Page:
“Which is nice. Now I’m doing it for a couple of reasons - I enjoy it and because I get to carry on Peter’s journey. I get to keep talking about him, and I have these sorts of conversations.
“That’s probably what I like most. It is not necessarily just swinging the golf club and seeing some incredible parts of New Zealand.”
He’s played on some of the country’s top courses - such as Te Arai Links and Wairākei - but also thoroughly loves playing on lesser-known, beautifully-maintained courses such as Hororata in Canterbury, Paeroa on the Hauraki Plains, and the Twelve Oaks course in Mosgiel, near Dunedin.
Then there are volunteer-run courses where sheep are used as lawnmowers and electric fences keep animals off the greens.
“There’s some memorable courses; trying to avoid being electrocuted as you step on the greens,” he jokes.
“You might come across one farmer who’s playing alongside and you get talking. They ask questions and you get to talk about Peter, which is really cool. It sort of feels like it makes Peter live on longer and that’s why this journey is so cool because I want to continue to talk about him.”
Peter, he says, was an “incredible human” with the ability - even at the ages of 10 or 12 - to talk to “any Joe Bloggs” and take genuine interest in, and care for, their lives.
He heard stories at his funeral that he never knew at the time, such as Peter helping care for kids who were being bullied at school.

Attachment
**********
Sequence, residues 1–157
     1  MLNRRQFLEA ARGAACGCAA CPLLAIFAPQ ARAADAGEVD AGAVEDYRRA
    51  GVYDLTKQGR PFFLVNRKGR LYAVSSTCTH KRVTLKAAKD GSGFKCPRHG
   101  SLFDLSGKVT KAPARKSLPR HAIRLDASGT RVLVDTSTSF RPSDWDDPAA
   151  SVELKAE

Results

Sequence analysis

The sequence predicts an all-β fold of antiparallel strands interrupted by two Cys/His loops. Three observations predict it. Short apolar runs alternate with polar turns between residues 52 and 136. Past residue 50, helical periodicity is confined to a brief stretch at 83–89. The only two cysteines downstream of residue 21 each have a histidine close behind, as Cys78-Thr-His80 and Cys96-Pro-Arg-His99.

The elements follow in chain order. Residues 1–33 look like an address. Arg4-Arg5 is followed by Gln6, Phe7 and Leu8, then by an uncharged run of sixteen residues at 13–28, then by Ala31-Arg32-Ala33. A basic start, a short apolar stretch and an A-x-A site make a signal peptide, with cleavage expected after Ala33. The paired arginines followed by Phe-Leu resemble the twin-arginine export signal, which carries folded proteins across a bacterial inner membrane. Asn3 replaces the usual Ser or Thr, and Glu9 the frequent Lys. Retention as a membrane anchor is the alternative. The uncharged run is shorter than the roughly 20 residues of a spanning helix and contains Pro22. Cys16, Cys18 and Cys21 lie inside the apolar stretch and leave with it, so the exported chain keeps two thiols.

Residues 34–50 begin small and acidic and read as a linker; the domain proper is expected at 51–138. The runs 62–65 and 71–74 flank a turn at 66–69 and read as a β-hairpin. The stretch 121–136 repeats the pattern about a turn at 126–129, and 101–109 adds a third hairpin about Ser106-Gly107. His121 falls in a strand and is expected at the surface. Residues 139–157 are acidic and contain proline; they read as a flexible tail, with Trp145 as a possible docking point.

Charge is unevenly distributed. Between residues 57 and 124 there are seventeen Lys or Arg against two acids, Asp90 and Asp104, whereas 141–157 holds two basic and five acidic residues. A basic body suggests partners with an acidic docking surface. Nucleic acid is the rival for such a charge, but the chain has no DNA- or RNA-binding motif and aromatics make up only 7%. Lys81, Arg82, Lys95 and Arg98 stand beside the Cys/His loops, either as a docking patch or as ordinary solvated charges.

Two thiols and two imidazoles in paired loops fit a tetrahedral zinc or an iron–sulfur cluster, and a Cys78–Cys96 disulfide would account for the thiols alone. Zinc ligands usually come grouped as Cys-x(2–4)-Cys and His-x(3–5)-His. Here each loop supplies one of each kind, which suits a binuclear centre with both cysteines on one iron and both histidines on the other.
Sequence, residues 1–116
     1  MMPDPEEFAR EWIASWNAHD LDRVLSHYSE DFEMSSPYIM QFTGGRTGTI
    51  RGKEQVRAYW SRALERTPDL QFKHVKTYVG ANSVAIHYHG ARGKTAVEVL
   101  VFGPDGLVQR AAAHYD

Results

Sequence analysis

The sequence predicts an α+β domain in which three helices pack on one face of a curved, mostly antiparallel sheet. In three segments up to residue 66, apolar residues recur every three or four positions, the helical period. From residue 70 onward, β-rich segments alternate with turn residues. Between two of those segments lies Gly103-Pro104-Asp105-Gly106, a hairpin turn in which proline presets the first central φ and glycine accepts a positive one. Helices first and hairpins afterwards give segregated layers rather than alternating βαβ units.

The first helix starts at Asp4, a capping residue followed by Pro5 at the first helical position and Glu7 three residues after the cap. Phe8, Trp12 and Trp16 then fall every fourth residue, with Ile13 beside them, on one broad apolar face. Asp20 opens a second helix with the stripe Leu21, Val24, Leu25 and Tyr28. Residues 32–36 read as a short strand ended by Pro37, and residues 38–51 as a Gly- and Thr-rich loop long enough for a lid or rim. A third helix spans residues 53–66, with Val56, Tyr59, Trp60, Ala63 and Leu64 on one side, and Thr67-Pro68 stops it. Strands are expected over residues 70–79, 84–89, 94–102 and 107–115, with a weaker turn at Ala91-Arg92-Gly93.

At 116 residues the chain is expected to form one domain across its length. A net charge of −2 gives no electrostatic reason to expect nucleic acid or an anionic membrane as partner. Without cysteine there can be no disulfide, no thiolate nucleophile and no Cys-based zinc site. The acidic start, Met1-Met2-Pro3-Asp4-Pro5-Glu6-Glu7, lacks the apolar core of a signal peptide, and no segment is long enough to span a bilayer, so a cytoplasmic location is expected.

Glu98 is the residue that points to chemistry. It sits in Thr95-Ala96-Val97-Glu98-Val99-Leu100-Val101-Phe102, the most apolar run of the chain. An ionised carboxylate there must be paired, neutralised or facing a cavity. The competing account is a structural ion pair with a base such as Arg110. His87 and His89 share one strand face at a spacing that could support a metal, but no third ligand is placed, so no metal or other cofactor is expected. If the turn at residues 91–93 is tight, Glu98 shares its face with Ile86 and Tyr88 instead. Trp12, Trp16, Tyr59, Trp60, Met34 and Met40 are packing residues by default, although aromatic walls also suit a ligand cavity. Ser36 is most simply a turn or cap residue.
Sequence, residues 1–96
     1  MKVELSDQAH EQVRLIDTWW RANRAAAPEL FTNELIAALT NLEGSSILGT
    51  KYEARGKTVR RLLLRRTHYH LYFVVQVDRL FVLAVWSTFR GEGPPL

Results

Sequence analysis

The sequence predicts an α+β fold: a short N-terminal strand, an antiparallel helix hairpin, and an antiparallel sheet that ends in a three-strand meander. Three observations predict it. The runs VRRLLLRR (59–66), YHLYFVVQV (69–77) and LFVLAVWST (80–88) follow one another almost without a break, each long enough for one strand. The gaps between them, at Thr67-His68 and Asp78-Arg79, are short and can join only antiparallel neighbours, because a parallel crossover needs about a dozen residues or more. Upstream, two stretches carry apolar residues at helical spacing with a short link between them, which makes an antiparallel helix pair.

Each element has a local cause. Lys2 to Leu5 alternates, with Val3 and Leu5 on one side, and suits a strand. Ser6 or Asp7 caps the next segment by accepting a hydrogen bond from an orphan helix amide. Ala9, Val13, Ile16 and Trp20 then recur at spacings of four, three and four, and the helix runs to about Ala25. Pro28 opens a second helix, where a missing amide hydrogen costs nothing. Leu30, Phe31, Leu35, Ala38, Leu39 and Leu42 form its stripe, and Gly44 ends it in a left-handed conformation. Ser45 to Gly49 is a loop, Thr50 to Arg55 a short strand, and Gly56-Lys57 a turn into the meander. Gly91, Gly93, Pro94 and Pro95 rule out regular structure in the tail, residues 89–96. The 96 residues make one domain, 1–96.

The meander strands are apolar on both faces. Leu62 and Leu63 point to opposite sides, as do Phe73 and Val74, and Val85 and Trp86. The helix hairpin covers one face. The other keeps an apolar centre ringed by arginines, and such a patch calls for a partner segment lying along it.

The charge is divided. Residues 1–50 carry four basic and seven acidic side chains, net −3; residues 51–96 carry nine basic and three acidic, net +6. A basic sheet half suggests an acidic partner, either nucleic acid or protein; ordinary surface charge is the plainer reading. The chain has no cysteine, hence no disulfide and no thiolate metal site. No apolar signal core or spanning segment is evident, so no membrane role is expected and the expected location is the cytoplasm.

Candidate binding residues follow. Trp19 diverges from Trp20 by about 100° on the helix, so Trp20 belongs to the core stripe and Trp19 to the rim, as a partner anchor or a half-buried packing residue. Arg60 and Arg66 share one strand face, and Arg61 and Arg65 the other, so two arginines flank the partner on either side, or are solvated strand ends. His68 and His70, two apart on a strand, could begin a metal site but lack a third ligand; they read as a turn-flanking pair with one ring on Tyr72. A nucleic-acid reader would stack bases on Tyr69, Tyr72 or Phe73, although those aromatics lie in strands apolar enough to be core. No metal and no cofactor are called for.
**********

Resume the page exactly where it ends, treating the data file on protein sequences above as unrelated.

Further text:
“He was an absolute monster of a man - about six foot four, six foot five. He was physically big and he had a very big personality.
“As an older brother, typically you’d say I’m meant to be the role model to him but in every way he was the role model to me.
“He knew what he believed in and he stuck to that. He was very honest and outgoing; bubbly with a wicked smile. He was a bit of magnet for people.”
Jacob’s next big trip, following stints in Coromandel in two weeks and Tauranga later in November, will be to Invercargill.
They generally try to take five days at the end of a month, to knock off 10 courses.
“It takes a toll when you’re on the fifth day - if you’re doing a trip, you’re wanting to get as many ticked off as you can.”
He tries to play, balancing work commitments. Troake and his brother-in-law Nick run his family’s building business, focusing on interior finishes.
While life can sometimes be difficult - the weather’s poor and things are expensive - he reflects on his good health.
“I am very lucky because I am 29 years old and physically fit and still able to enjoy life. Whereas my brother wasn’t able to do that. And I think that always manages to recentre me and put things into perspective.
“I’m sure Peter would want to trade places at any stage. I do use him as a bit of a reference almost daily, when things do get tough, that I am where I am. I have a loving family and a lovely wife and a good job.”
When will the 406 courses be complete? He’s aiming for 50 courses a year, meaning the project might still be another five years or longer from completion.
“I don’t want to rush it - I kind of dread the day that it’ll be over because the journey will have finished. On one hand, I want to be working closer towards that final achievement but I also certainly don’t want to rush it because it is such an enjoyable journey.
“Peter was one of my best friends. We were really close. Having him pass was a hole but having this journey gets to fill a little bit of that hole.”